Cuneiform cylinder: inscription of Nebuchadnezzar II describing the construction of the outer city wall of Babylon
ca. 604–562 B.C.
Mesopotamia, Babylon (?)
48.62 x 2.75 x 2.87 in. (12.35 x 7 x 7.3 cm)
Not on view
"I built a strong wall that cannot be shaken with bitumen and baked bricks... I laid its foundation on the breast of the netherworld, and I built its top as high as a mountain."
This cylinder is one of many commemorating the extensive building program carried out by the Babylonian king Nebuchadnezzar II (604–562 B.C.), which transformed the city of Babylon into a grand imperial capital. Following a long-established Mesopotamian practice, clay cylinders were inscribed in cuneiform script baked to ensure their survival into the distant future, and deliberately buried in the foundations of buildings as they were being built or restored. Often they record the restoration of structures that were already ancient, especially the great temples of the city, but in this case the cylinder describes Nebuchadnezzar’s building of a new outer city wall, which "no previous king had done." The wall itself was identified by archaeologists in the early 1900s; it is unknown how densely the outer city was populated, but the area enclosed by the wall suggests that Babylon was at this time the largest city in the world. The inner city of Babylon was guarded by further fortification walls.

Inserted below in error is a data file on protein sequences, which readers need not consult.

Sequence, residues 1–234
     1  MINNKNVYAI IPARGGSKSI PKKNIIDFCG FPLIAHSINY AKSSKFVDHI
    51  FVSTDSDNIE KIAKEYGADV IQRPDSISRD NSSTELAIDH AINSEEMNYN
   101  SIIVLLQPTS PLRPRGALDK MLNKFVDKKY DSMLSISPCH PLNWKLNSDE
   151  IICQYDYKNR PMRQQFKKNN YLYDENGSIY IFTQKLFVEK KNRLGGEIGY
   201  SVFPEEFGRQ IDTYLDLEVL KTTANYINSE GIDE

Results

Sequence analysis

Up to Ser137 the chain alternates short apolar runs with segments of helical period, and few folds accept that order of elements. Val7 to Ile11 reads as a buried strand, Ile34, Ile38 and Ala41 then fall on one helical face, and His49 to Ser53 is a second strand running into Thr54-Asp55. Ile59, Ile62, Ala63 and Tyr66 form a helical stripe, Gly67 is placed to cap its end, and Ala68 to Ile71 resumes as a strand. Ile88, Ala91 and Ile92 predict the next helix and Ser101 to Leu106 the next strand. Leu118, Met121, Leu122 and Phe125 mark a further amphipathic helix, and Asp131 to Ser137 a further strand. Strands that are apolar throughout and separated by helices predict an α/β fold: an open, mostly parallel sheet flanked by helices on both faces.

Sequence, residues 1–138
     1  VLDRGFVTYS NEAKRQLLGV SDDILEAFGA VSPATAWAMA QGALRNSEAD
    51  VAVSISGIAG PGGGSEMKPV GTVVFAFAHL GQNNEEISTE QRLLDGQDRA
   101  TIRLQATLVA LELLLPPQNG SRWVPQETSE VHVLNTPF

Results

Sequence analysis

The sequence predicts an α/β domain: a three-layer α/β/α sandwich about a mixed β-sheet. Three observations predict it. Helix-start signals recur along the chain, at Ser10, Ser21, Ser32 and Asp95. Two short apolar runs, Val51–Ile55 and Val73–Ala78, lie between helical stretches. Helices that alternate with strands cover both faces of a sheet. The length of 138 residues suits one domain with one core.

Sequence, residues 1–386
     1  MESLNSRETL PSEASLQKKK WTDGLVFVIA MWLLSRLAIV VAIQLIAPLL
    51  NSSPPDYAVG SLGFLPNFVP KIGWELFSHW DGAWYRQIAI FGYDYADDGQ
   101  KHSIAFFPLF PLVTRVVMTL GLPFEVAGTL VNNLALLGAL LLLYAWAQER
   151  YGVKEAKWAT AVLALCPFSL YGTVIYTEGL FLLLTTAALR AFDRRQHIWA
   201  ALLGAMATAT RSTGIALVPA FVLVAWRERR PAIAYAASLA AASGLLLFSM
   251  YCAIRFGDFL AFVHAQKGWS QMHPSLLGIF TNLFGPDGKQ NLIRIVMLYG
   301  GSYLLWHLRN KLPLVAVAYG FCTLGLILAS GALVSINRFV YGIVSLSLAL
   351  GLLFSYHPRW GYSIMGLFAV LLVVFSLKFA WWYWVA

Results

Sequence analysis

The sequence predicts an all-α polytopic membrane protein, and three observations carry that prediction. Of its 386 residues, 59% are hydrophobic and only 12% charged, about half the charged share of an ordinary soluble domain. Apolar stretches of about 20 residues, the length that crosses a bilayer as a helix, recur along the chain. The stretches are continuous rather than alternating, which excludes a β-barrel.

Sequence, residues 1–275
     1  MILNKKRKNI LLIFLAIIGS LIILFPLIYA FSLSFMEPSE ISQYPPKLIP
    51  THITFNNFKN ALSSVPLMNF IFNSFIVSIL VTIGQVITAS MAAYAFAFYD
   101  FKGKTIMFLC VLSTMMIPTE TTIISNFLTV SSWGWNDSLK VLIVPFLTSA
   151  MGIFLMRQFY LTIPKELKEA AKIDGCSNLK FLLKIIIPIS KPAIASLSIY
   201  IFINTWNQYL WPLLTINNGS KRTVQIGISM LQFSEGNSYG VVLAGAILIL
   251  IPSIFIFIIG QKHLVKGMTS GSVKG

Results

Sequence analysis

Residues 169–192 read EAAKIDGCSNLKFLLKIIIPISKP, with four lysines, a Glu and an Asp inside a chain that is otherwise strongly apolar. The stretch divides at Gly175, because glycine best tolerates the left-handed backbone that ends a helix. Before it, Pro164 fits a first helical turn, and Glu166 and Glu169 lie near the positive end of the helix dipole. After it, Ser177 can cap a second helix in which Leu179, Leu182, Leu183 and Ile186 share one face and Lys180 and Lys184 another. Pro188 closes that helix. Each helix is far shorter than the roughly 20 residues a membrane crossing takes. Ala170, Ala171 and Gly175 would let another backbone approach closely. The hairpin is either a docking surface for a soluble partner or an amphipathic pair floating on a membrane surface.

Cylinders such as this were made to be buried, and their text was intended primarily for the gods. However, it was also hoped that future kings might find them in the course of performing their own restorations, and so perpetuate and honor the builder’s name. In this regard, Nebuchadnezzar took all possible measures: as well as foundation cylinders and some larger inscriptions on stone, the baked bricks of Babylon carry the king’s name and titles, impressed with a stamp before baking. The stamp was pressed into to the top surfaces of the bricks so that, like the cylinders, their inscriptions would not normally be seen by human eyes; nonetheless, they occur literally millions of times at Babylon, hidden in Nebuchadnezzar’s palace and city walls.
Acquired by the Museum in 1886, purchased from the Reverend William Hayes Ward.
Spar, Ira, and Michael Jursa. 2014. Cuneiform Texts in the Metropolitan Museum of Art. Volume IV: The Ebabbar Temple Archive and Other Texts from the Fourth to the First Millennium B.C. New York: The Metropolitan Museum of Art and Eisenbrauns, no. 166, pp. 282-284, pl. 133.